Though Bib only speaks “goat,” Lucas can still communicate so much with a single look, as her character bides her time until her catalyst moment.

To stay a step ahead of pop-culture trivia experts in the audience, there are references to a certain popular book-based movie — which this play is kinda like, but kinda not — but only the goat truly goes meta (in a scene that even involves yoga). 

Perhaps we can all use a barnyard animal to talk to. Performances of “Alabaster” run through Oct. 31, see www.phoenixtheatre.org for info and tickets.

Returning to the stage

By John Lyle Belden

Things are starting to look more “normal,” and that includes the central Indiana stage scene. Of course, the pandemic is still around, especially with Covid-19 variants still infecting and killing many. But with improving numbers of the vaccinated and taking common-sense measures by all of us, we can still celebrate our arts.

Alas, even though I’m vaccinated against diseases, I’m still not immune to Gremlins. One such critter has affected the Stage Schedule page on this site. So, until we get it fixed, check out the list below for ongoing and announced shows. In addition, check IndyFringe.org for more events leading up to the festival in mid-august.

See you in the audience; Curtain Up!

***

Last updated: July 25, 2021

Schedules subject to change, especially with changes in public health conditions.

See websites or call for Covid-19 safety policies.

2021

June 24 -Aug. 15

“The Sound of Music,” Beef & Boards Dinner Theatre, 9301 N. Michigan Road; http://www.beefandboards.com

July 23-Aug. 2

“The Best Little Whorehouse in Texas,” Ricks-Weil Theatre Company at H.J. Ricks Centre for the Arts, 122 W. Main St. (US 40), Greenfield; fb.com/RicksWeilTheatreCompany

July 28

“Sleepaway,” Summit Performance Indianapolis at The Park at the Phoenix (Phoenix Theatre Cultural Center), 712 North Illinois St., Indianapolis; (Free tickets) summitperformanceindy.com

July 30-Aug. 7

“Anton in Show Business” (all-female) Betty Rage production at Outback Stage at The District Theatre, 627 Mass. Ave., Indianapolis; IndyDistrictTheatre.org

Aug. 5-7

“Godspell,” Eclipse Summer Stock Stage at The Park at the Phoenix (Phoenix Theatre Cultural Center), 712 North Illinois St., Indianapolis; phoenixtheatre.org

Aug. 6-7

“Tuesdays With Morrie,” Live staged reading by Carmel Community Players at PrimeLife Enrichment, 1078 Third Ave. SW, Carmel; carmelplayers.org/whats-on-stage/tuesdays-with-morrie/

Aug. 6-13

“Crazy For You,” Footlite Musicals, 1847 N. Alabama, Indianapolis; footlite.org

Aug. 6-14

“Alice In Wonderland,” Mud Creek Players (outdoors), 9740 E. 86th St., Indianapolis; mudcreekplayers.org

Aug. 8

Sam C. Jones w/ Hank Ruff, in concert at The Park at the Phoenix (Phoenix Theatre Cultural Center), 712 North Illinois St., Indianapolis; phoenixtheatre.org

Aug. 13-14

“The Silent War,” Live staged reading by Carmel Community Players at PrimeLife Enrichment, 1078 Third Ave. SW, Carmel; carmelplayers.org/whats-on-stage/the-silent-war/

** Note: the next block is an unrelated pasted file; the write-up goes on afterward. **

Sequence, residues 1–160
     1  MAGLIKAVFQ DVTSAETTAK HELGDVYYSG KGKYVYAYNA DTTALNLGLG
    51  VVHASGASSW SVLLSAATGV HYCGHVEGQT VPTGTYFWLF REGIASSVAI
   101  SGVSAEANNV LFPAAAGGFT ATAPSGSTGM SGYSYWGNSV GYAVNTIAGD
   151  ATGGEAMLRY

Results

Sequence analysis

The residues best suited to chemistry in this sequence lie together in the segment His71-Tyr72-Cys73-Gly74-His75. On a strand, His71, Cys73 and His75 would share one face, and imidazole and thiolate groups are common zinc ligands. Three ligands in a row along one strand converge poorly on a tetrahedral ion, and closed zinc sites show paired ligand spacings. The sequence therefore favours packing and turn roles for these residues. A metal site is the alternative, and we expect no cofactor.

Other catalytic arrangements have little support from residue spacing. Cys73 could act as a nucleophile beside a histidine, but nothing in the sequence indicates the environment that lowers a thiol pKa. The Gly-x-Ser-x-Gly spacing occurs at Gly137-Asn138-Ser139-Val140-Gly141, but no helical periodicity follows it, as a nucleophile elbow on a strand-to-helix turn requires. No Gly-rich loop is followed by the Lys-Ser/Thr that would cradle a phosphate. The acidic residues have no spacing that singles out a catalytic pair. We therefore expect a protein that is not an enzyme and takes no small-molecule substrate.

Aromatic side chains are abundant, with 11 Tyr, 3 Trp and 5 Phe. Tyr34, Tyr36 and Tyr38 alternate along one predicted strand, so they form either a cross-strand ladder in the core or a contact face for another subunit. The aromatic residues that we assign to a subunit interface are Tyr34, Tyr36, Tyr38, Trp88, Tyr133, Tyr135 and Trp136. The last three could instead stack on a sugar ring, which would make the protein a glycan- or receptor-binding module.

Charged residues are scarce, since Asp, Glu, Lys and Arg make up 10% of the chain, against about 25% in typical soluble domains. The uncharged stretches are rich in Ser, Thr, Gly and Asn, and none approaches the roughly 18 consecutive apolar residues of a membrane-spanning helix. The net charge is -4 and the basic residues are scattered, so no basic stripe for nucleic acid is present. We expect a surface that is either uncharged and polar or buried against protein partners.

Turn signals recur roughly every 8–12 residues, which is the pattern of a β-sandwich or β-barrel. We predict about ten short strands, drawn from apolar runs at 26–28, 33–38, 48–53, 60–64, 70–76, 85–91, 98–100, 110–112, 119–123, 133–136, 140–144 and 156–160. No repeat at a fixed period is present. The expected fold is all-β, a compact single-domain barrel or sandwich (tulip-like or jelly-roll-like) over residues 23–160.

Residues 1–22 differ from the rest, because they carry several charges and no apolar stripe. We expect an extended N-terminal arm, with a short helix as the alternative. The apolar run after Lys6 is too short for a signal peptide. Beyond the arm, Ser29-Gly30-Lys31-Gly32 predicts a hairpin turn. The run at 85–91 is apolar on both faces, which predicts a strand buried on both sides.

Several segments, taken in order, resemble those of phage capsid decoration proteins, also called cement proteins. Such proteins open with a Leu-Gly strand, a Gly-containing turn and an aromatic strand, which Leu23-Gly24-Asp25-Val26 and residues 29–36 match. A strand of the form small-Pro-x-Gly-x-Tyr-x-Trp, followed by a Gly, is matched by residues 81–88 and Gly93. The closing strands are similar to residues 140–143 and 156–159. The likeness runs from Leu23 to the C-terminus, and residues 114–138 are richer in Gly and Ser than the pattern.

Aug. 13-22

“Hedwig and the Angry Inch,” Zach & Zack productions at The Park at the Phoenix (Phoenix Theatre Cultural Center), 712 North Illinois St., Indianapolis; tickets.zachandzack.com, phoenixtheatre.org

Aug. 19-Oct. 3

“Newsies,” Beef & Boards Dinner Theatre, 9301 N. Michigan Road; http://www.beefandboards.com

Aug. 19-Sept. 5

INDYFRINGE (Indianapolis Theatre Fringe Festival) Mass. Ave. area, Indianapolis; http://www.indyfringe.org

Aug. 20-Sept. 5

“The Two Kids That Blow Sh*t Up,” Fonseca Theatre, 2508 W. Michigan St., Indianapolis; fonsecatheatre.org

Aug. 20-21

“Ripcord,” Live staged reading by Carmel Community Players at PrimeLife Enrichment, 1078 Third Ave. SW, Carmel; carmelplayers.org/whats-on-stage/ripcord-2/

Aug. 26-28

“Under the Big Top,” Gregory Hancock Dance Theatre at The Tarkington, Center for the Performing Arts, downtown Carmel; gregoryhancockdancetheatre.org, thecenterpresents.org

Sept. 10-Oct. 3

“Always, Patsy Cline,” Actors Theatre of Indiana at The Studio Theater, Center for the Performing Arts, downtown Carmel; atistage.org, thecenterpresents.org

Sept. 10-19

“Boeing Boeing,” Carmel Community Players at The Cat, 254 Veterans Way, downtown Carmel;; carmelplayers.org

Sept. 16-26

“Arsenic and Old Lace,” Epilogue Players, 1849 N. Alabama St., Indianapolis (corner of 19th and Alabama); epilogueplayers.com

Sept. 17-Oct. 3

“A Gentleman’s Guide to Love and Murder,” Footlite Musicals, 1847 N. Alabama, Indianapolis; footlite.org

Sept. 18-Oct. 3

“1980 (Or, Why I’m Voting for John Anderson),” Storefront Theatre of Indianapolis, 717 Broad Ripple Ave., Indianapolis; storefrontindy.com

TBA

“King Liz,” Fonseca Theatre, 2508 W. Michigan St., Indianapolis; fonsecatheatre.org

Oct. 6-31

“The Book Club Play,” Indiana Repertory Theatre, 140 W. Washington St., Indianapolis; irtlive.com

Oct. 7-17

“Dracula,” Main Street Players at Westfield Playhouse, 220 N. Union St., Westfield; westfieldplayhouse.org

Oct. 7-31

“Alabaster,” Phoenix Theatre, 712 North Illinois St., Indianapolis; phoenixtheatre.org

Oct. 7-Nov. 21

“Phantom,” Beef & Boards Dinner Theatre, 9301 N. Michigan Road; http://www.beefandboards.com

Oct. 8-23

“The Color Purple: The Musical,” Booth Tarkington Civic Theatre, Center for the Performing Arts, downtown Carmel; http://www.civictheatre.org, thecenterpresents.org.

Oct. 8-17

“Who’s Afraid of Virginia Woolf,” Bard Fest production at The Cat, 254 Veterans Way, downtown Carmel; http://www.indybardfest.com